The research glossary defines terms used in conducting social science and policy research, for example those describing methods, measurements, statistical procedures, and other aspects of research; the child care glossary defines terms used to describe aspects of child care and early education practice and policy.
Basic statistics used to describe and summarize data. Descriptive statistics generally include measures of the average values of variables (mean, median, and mode) and measures of the dispersion of variables (variance, standard deviation, or range).
Variables that have only two categories, such as whether a child is enrolled in a preschool program or not.
Differential or selective attrition occurs when the rates of dropping out or leaving a study with several data collection waves (e.g., longitudinal study or experimental research) vary across different study groups. This is particularly troublesome when the characteristics of those who drop out are systematically different from those who remain, and may introduce bias in the study findings.
The effect of one variable on another variable, without any intervening variables.
A method of gathering data primarily through close visual inspection of a natural setting. Direct observation does not involve actively engaging members of a setting in conversations or interviews. Rather, the direct observer strives to be unobtrusive and detached from the setting.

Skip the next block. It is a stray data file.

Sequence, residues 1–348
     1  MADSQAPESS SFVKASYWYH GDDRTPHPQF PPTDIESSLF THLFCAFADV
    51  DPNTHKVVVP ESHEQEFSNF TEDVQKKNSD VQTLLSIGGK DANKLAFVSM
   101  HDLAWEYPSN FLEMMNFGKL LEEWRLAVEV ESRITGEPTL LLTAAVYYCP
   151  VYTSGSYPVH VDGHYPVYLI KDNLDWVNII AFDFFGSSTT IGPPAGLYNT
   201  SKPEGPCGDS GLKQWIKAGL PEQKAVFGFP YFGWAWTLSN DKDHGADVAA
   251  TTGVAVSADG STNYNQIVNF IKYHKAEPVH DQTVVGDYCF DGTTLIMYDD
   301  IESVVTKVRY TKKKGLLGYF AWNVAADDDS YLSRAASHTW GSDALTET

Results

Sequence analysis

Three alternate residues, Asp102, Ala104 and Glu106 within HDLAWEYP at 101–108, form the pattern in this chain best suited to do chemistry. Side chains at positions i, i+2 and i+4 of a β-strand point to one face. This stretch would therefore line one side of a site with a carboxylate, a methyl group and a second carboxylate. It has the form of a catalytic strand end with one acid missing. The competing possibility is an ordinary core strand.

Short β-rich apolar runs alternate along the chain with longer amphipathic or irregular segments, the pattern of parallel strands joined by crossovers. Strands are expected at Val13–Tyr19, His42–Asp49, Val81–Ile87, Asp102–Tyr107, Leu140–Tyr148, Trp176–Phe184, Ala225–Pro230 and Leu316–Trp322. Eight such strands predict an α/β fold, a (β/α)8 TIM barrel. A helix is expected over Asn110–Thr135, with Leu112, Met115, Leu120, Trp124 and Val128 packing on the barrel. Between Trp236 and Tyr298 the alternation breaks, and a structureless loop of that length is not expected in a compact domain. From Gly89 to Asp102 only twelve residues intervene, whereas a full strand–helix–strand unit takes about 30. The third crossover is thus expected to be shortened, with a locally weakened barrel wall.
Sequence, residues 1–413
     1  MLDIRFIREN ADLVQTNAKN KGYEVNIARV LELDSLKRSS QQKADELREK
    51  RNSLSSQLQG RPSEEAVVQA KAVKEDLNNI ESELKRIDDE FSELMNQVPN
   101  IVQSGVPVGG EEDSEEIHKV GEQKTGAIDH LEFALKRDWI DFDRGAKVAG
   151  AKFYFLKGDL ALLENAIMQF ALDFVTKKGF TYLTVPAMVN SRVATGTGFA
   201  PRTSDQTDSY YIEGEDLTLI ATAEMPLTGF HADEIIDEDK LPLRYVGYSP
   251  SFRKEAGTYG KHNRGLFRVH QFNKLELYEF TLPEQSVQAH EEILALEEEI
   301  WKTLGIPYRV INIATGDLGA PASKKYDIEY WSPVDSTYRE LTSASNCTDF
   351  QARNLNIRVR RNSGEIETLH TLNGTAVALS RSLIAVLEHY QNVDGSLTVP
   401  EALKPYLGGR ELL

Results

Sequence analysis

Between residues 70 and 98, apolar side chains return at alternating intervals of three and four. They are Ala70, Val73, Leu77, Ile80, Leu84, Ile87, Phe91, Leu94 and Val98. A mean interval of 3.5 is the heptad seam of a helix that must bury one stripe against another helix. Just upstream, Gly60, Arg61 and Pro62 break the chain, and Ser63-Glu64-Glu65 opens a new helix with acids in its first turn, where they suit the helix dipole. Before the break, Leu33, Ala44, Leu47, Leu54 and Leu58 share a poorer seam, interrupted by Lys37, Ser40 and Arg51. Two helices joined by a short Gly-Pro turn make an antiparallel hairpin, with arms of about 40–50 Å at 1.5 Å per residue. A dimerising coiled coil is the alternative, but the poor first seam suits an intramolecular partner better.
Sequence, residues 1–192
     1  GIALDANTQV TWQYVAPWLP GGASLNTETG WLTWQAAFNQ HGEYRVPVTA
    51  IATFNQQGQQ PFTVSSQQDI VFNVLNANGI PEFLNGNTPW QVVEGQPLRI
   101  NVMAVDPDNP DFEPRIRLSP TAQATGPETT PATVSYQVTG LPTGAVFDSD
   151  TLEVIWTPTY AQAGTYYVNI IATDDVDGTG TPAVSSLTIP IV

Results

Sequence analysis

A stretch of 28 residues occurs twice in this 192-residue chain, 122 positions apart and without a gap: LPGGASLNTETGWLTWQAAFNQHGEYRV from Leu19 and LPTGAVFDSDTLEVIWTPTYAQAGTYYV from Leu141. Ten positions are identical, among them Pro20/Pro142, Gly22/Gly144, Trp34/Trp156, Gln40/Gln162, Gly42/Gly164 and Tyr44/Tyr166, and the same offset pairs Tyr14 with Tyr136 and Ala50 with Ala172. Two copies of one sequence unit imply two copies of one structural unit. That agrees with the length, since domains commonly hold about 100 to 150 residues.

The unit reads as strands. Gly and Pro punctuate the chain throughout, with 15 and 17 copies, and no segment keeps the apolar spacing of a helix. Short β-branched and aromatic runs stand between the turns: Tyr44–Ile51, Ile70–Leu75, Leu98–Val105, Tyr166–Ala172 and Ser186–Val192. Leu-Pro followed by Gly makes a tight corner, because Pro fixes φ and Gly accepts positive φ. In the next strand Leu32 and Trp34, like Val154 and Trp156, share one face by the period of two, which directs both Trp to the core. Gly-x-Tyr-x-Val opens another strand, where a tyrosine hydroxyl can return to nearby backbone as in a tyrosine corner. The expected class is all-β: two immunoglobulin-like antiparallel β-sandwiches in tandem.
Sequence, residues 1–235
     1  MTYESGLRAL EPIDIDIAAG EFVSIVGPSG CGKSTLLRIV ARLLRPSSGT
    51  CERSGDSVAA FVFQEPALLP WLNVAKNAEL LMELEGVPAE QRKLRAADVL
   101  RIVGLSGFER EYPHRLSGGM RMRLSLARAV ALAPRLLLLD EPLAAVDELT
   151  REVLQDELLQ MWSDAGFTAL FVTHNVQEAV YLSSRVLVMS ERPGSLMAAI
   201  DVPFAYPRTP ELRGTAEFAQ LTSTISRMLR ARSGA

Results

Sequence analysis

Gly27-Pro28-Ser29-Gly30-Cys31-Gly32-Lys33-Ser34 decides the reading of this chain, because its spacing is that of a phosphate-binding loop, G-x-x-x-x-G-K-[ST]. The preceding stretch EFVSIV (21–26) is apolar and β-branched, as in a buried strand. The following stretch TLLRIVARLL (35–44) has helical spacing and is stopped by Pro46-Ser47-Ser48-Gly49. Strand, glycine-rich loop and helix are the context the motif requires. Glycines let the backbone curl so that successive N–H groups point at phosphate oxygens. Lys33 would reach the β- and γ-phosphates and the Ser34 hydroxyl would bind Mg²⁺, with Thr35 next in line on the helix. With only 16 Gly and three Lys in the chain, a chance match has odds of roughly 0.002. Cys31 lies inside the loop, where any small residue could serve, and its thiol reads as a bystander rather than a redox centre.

A procedure whereby, during an open-ended interview,\ a researcher actively seeks accounts from other respondents that differs from the main or consensus accounts in critical ways
A variable that can assume only a finite number of values; it consists of separate, indivisible categories. The opposite of discrete is continuous. For example, in a specified time period, a child's biological parents either live in the same household as the child or they do not. In contrast, a child's height could be 3 feet 1 inch, 3 feet 1.1 inches, 3 feet 1.11 inches, and so on, thus it is continuous variable.
A grouping method that identifies characteristics that distinguish between groups. For example, a researcher could use discriminant analysis to determine which characteristics identify families that seek child care subsidies and which identify families that do not.
In statistics, dispersion refers to the spread of a variable's values. Techniques that are used to describe dispersion include range, variance, standard deviation, and skew.
The frequency with which values of a variable occur in a sample or a population. To graph a distribution, first the values of the variables are listed across the bottom of the graph. The number of times the value occurs are listed up the side of the graph. A bar is drawn that corresponds to how many times each value occurred in the data. For example, a graph of the distribution of women's heights from a random sample of the population would be shaped like a bell. Most women's height are around 5'4" This value would occur most frequently, so it would have the highest bar. Heights that are close to 5'4", such as 5'3" and 5'5" would have slightly shorter bars. More extreme heights, such as 4'7" and 6'1" would have very short bars.